Rage Against the Machine
I don’t like robots. That’s all there is to it. I don’t trust them and frankly, I find them a little smug. Reluctantly, I’ve come to accept interacting with machines—automated teller machines at the bank, check-in kiosks at the airport, ticket machines at the train station, and of course, the “smart” phone (now there’s a smug moniker if ever there was one). But when the machines begin trying to hold conversations with me. Well. That’s where the Curmudgeon draws the line.
Here are some dictionary definitions of the word “conversation”:
—an informal talk in which two or more people exchange thoughts, feelings, or ideas (Cambridge)
—a talk between two or more people, in which news and ideas are exchanged (Oxford)
—informal interchange of thoughts, information, etc., by spoken words; oral communication between persons (dictionary.com)
—a talk between two or more people (Macmillan)
While the small irony of the fact that I found these definitions via machine isn’t lost on me, I nevertheless ask you to take note of two recurring elements: 1) ideas, and 2) people.
Robots aren’t people, nor do they have ideas. So by definition, they can’t converse. But by giving the robots recorded human voices, those sneaky, nefarious robot makers mean to trick us into interacting with the damnable things. I was OK with pressing numbers to choose options. But this . . . well now we're just hurtling headlong into the abyss of madness.
“I can understand if you talk to me,” says the cheery voice. No. No you can’t. I see right through your lie, you lying robot. You can’t “understand”; you can only process.
Try it some time, readers. Take a robot at its word and see what happens:
Automated voice: “I can understand if you talk to me.” Human being: “Oh . . . OK . . . How goes it? AV: “What are you calling about today?”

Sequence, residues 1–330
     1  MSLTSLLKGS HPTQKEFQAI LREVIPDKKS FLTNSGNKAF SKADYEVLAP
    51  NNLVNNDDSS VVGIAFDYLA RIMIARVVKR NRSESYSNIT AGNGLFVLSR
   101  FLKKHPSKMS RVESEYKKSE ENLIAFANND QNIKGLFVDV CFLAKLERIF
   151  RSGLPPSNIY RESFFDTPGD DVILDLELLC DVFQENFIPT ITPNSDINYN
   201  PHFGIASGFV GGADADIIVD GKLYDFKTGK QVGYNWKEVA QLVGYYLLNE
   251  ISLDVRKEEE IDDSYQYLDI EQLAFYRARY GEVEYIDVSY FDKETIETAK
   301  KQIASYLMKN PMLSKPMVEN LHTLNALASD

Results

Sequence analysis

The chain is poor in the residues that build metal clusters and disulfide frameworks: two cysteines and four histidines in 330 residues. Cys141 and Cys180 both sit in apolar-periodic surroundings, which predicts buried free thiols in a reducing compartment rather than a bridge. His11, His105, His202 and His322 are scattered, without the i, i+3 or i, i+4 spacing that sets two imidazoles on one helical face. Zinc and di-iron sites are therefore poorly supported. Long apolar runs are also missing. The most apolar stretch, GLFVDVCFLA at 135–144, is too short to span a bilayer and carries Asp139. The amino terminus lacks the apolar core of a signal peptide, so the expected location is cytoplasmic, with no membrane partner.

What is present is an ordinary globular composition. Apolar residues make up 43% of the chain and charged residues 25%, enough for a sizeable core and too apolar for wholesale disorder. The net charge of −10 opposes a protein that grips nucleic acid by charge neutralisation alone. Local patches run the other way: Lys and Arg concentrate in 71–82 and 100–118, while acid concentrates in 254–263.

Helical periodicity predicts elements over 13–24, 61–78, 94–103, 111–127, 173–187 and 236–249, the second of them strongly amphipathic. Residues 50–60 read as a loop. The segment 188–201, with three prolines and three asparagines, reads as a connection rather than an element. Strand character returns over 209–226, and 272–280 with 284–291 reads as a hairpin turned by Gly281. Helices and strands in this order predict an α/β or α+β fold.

HB: “Ah. Gotcha. Cut right to the chase, don’t you?”
AV: “Are you calling about your account ending in one two three four?
HB: “Well, in a way. I have several questions, actually.”
AV: “OK. Balance. Is that correct?”
HB: “No. Not at all. I didn’t say anything even resembling that.”
AV: “I’m sorry. I didn’t quite get that. What can I help you with today?”
HB: “Well, as I was saying, it’s several things. To begin with—
AV: “OK. Statement. Is that correct?” HB: “No. That is not at all correct. Can I just talk to a person?”
AV: “OK. Person In order to direct you to the right department, I need to know a bit more about why you’re calling. In a few words—”
HB: “Look, I’m trying to tell you, but you don’t seem to be listening.” AV: “Thank you for calling. Goodbye.”
I forgot to mention that. Robots, in addition to being smug and not being actual people, are rude. If there’s one thing that drives me crazy (obviously, there is not; many things drive me crazy), it’s the insult of being lied to in a way that suggests I’m not intelligent enough to know the truth. I know the difference between a person and a robot, between a recording and a conversation. And a phone system that insists I talk to one of their electronic imposters is one that demands submission to falsehood; it asks me to condone a filthy robot lie that attempts to redefine what conversation is. And I refuse.
I will not speak to robots. I don’t care how friendly or comforting they sound, how many ways they phrase their requests, how many times they try to lure me into their twisted house of mirrors. And I call upon you, dear readers, to join the resistance. Don’t legitimize the practice of talking to machines. We’ve all seen that horror film, and it doesn’t end well for the humans. Maybe, if we ignore them, they’ll just go away.